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Politics & Government

Wilmington City Council approves penalties for officials failing to disclose default fees

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Megan Pauly
/
Delaware Public Media

Wilmington City Council members voted Thursday night to approve an ordinance mandating elected and appointed city employees disclose any default payments – or face serious consequences.

Payments subject to the ordinance include all city fees such as property taxes, water/sewer fees, license and inspection fees, parking or red light fines and more.

Failure to intentionally disclose is a misdemeanor that comes with a fine of up to 23 hundred dollars and possibly a year in jail.

Councilman Robert Williams co-sponsored the ordinance with Council President Theopalis Gregory.

 

“If you’re a head of a municipality and you’re looking to raise taxes, you wouldn’t go out to the citizens and tell them, I’ll put a lean against your house and I’ll take your property if employees aren’t paying. I got a problem with that, so this is just a leveling up.”

 

Gregory only agreed to co-sponser the ordinance if it were to apply solely to elected and appointed officials and not all city employees.

Gregory also expressed concerned it could apply to those who inadvertently, not intentionally, failed to disclose delinquent fees. However, since the ordinance only applies to those who intentionally fail to report default fees, he was willing to support it.

“I have a lot of kids and they drive my car. And I don’t know when they have tickets and they don’t tell me. They could come and I’d say I have nothing outstanding," Gregory said. "They could have driven my car and not given me the ticket. So that would be a negligent or inadvertent act.”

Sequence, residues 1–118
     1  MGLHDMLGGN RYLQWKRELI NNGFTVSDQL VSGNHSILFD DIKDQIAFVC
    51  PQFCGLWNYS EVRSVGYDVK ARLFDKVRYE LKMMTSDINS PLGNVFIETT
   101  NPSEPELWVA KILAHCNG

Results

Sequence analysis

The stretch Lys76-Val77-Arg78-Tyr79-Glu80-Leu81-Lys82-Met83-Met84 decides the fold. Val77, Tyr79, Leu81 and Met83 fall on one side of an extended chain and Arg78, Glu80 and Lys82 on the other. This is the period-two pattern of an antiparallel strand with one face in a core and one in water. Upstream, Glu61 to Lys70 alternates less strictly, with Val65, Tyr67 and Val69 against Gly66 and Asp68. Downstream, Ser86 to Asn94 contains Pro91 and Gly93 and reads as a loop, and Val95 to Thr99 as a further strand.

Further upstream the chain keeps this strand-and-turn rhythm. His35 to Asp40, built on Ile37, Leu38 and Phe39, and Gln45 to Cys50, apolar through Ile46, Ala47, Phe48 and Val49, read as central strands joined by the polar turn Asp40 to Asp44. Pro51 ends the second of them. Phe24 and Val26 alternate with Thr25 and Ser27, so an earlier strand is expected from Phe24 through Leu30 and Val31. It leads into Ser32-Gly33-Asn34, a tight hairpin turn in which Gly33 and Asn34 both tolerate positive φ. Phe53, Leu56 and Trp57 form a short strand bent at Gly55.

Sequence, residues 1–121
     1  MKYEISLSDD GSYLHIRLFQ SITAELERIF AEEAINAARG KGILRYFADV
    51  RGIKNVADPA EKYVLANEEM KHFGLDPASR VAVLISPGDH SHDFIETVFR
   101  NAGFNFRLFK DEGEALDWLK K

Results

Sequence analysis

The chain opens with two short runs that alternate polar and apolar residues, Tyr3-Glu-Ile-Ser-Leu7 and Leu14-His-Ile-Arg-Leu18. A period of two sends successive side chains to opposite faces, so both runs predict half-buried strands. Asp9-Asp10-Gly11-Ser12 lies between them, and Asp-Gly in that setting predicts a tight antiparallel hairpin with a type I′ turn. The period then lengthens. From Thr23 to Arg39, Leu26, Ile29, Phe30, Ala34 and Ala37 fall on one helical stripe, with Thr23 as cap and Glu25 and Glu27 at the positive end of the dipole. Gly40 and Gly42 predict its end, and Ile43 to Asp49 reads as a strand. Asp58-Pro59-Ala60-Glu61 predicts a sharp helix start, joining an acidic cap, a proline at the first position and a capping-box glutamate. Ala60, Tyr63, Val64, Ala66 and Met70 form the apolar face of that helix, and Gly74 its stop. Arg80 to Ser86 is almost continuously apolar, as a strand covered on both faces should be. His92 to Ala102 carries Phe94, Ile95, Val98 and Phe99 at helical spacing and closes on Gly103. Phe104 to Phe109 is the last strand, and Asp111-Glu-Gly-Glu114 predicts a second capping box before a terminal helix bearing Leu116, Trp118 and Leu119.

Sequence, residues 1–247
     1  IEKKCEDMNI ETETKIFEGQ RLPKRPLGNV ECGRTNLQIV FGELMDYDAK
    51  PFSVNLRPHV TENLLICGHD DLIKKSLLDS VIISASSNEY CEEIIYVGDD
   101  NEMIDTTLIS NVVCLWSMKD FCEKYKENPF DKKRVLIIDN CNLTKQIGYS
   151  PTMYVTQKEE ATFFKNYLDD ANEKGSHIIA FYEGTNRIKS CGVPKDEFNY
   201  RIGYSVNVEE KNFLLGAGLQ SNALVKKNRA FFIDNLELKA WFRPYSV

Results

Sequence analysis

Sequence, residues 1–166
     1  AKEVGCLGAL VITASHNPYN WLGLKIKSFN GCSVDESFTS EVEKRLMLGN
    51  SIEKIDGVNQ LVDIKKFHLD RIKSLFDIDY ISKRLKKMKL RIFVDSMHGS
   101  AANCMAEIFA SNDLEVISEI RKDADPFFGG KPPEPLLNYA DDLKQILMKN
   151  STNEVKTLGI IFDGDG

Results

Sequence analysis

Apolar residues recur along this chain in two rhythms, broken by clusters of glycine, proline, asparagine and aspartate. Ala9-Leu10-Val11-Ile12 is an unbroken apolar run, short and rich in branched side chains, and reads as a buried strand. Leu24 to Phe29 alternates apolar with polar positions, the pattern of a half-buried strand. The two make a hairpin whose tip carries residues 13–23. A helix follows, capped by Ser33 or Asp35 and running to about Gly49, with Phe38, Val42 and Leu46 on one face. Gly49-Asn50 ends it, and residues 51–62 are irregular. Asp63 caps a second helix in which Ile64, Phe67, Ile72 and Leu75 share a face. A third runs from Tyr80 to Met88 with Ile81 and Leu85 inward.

Williams says while he was initially adamant the rule should apply to all city employees, he’ll take this compromise.

"I’m a retired police officer and I decided what hill am I willing to die on. And I wasn’t willing to die on that hill, so I retreated and I took the ground that I could get," Williams said. "That was elected and appointed, that’s what my colleagues asked for, that’s what I amended it to. I’d like to give it a year or two and then see if it can be re-addressed for all employees."

Only payments in default will be determined delinquent, not obligations subject to a payment arrangement.

  Councilman Michael Brown said he initially intended to vote against the ordinance, but that “something fell down and hit him on the head” and made him change his mind. Anyways, he said, he “he won’t be here next year.” He will be retiring in December.

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